“I love peace.” So says Tony Stark (Robert Downey Jr.) at the start of Iron Man. A carousing, smug, unspeakably wealthy arms manufacturer, he’s riding in a hummvee with soldiers in body armor, extolling his celebrity and absorbing their admiration. The fact that he’s been demonstrating his latest product in a war zone (they’re on their way back to base in Afghanistan) only amplifies the self-righteous excitement. He can afford to love peace. He’s made billions off the line.
And then Tony Stark’s life changes. According to Jon Favreau’s lively, often charming, sometimes insightful summer blockbuster, this change is a function of circumstances. Forced to confront his own vulnerability and narrow worldview, Tony is able to see, at long last, that his life and his inherited company, Stark Industries, are premised on Old Paradigms. Where he once pronounced confidently, “Peace means carrying a bigger stick than the other guys,” and believed that his father’s way was the American way was the right way, once he can imagine his own death by his own weapons, well, he must rethink. And even if it’s inconceivable that Tony didn’t know his “Freedom Line” of weapons was circulating on the black market, the moment of his shock serves as useful allegory: gazing around an “insurgents’ camp” where he’s held hostage, everywhere a Stark Industry case of guns or mortars, he has a change of heart.
The new and improved Tony Stark is, of course, Iron Man. He undergoes several steps in this revisionist, essentially weaponized self. The first few are initiated by his sudden new knowledge of how the global arms trade works. And so Tony spends some months in a cave with a physician sidekick, Yensin (Shaun Toub), instructed by captors to devise a gigantic and all-destructive missile. It helps that Tony needs something that looks a lot like an artificial heart. This takes the wonderfully resonant form of a super-tech, wholly goofy gizmo that fits into a cavity smack in the middle of his chest and glows when it’s on. His first suit is rudimentary and apparently actually made of iron, a bullets-deflecting, turbo-charged, slamming-and-bamming crazy costume that lets him commit mayhem, mostly with impunity. It’s exhilarating to watch him beat back the cave-dwelling, puny-guns-toting villains, even if the visuals replay the sort of East vs. West scenario that Tony has ostensibly seen through and rejected.
On returning home to Malibu, Tony is accosted by the tabloid-inclined press, as well as his longtime business partner Obadiah Stane (Jeff Bridges). Stunned when Tony announces his intention to retool the company so it no longer makes weapons, he goes along, as do his loyal and beautiful assistant Pepper Potts (Gwyneth Paltrow) and his buddy Rhodey (Terrence Howard, not on screen nearly often enough). Tony puts on a bit of a show and then, seeing that his friends are worried, retreats. In the garage with his sports cars and massive computers, he sets about re-conjuring his Iron Man suit and identity with the help of robots he anthropomorphizes with all due wit. This R&D phase is aptly entertaining, with comic mishaps and directions barked at the robot assigned to zap him with a fire extinguisher should he catch fire: Downey makes all this solo performing quite fun; he appears at least as self-aware as Michael Keaton did as Batman, his childlike awe at his own genius disarming and delightful.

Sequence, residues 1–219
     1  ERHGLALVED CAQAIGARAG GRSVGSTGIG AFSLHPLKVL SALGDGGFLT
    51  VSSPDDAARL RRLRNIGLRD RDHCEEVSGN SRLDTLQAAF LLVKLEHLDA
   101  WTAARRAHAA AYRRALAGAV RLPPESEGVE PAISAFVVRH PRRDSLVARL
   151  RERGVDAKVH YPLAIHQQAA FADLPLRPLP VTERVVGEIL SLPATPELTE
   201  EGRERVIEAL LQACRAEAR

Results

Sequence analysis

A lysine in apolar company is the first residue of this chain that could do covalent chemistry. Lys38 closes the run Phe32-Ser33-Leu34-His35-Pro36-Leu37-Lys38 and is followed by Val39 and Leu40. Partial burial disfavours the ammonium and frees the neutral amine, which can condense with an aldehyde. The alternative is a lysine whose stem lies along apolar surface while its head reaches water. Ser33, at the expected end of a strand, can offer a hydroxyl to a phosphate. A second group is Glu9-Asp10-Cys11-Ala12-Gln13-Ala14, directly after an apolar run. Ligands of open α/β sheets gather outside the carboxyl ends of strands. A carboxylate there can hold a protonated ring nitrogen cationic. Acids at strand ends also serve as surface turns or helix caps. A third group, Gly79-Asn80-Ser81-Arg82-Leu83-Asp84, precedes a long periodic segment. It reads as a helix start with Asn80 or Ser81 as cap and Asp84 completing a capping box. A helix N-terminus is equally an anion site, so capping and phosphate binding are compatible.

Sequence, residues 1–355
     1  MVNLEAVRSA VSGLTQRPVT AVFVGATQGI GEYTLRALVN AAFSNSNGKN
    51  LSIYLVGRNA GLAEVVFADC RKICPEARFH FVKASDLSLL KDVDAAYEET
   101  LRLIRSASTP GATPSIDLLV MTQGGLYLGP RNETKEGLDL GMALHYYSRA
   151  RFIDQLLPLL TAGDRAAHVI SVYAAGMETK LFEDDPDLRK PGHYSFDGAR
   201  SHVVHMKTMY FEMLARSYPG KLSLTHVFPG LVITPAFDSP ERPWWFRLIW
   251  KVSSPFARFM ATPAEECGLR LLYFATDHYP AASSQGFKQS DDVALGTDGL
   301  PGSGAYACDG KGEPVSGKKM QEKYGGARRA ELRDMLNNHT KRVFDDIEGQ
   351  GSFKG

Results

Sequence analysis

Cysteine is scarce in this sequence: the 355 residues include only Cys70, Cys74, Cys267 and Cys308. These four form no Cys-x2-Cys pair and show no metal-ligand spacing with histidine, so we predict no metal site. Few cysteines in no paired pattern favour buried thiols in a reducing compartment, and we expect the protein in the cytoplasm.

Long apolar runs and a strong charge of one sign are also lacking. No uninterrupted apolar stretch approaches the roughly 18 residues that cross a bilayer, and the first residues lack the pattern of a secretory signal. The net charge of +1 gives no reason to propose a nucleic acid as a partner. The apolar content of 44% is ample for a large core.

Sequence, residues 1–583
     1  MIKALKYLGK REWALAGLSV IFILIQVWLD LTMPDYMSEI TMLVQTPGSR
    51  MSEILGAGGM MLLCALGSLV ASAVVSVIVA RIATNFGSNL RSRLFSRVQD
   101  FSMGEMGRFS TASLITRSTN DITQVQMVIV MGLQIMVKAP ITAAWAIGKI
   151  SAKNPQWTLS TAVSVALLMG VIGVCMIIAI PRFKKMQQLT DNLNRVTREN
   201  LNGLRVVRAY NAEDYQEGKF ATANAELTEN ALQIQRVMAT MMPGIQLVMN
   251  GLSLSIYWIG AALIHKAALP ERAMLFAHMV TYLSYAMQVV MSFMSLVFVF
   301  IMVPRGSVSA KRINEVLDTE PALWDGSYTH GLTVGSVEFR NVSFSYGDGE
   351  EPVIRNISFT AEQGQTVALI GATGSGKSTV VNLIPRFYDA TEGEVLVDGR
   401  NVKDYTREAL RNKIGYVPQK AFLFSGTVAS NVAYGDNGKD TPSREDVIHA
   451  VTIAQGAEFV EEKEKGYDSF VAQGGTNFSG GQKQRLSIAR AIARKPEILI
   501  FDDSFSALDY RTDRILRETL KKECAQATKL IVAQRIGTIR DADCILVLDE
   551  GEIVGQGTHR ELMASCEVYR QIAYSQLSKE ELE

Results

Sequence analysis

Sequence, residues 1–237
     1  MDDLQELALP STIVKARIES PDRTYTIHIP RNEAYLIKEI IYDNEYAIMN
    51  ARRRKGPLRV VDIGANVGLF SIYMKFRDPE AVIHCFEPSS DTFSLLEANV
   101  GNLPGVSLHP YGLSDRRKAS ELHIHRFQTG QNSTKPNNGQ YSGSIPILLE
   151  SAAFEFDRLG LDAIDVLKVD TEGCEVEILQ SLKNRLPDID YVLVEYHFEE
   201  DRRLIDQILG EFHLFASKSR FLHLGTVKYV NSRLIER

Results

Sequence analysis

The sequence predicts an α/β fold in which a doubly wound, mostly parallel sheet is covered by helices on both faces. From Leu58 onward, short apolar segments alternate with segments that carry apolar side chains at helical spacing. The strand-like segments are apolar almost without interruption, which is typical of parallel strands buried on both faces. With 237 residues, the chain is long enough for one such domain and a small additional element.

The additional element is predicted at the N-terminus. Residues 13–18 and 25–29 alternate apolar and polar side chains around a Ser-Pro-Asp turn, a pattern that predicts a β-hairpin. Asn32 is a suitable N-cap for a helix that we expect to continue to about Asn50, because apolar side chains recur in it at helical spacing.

For all Tony’s new understanding of “peace,” the fact that Iron Man is in fact a weapon allows the film to do a few things that summer movies must do: it provides for all manner of clanking and bashing, zooming, shooting, and exploding. But unlike the Transformers, this loud and raucous whiz-bang of an effect insists on the “heart” inside it. On one level, the heart angle is upfront sentimental (see Pepper’s infinite patience and tentative sensuality, especially Paltrow in a backless gown, unbearably sweet and silent). Tony’s efforts to make it right with her after years of cavorting with calendar models and reporters are tedious (if vaguely ironic, in Downey’s version of this utterly predictable plot point), but her delicacy is dated. The inevitable franchise will have to grant her something like a new heart as well.
On another level, the heart business is also political. Not in a way that would scare off viewers (heavens, no!) but in a way that makes a point. Tony makes clear enough that he regrets his lies and especially, his use of language as cover-up (see: Operation Enduring Freedom, The War on Terror), that he recognizes the devastating results of invasion and combat. The movie doesn’t hammer this point, but it does try to integrate the particular problems posed by U.S. war-making and weapons manufacturing into its critique of business as usual. This Iron Man is surely facing different enemies than the one who first appeared in 1963, but the fundamental dilemma of war as perpetual industry is still mostly just observed here, not fundamentally challenged or reframed.
That doesn’t mean he doesn’t engage; he’s a weapon, after all. When Iron Man makes a brief trip to Afghanistan in order to protect refugees from his primary nemesis, the bald, mad, and badly scarred Raza (Faran Tahir), the film is plainly stuck: the white-guy-machine saves the defenseless, impoverished, scrabbling victims against a man-monster who looks like them. It’s hardly surprising, but it is disappointing. The clever vitality Downey provides is mostly squandered during such compulsory plotting, when Tony become an effect more regular than special.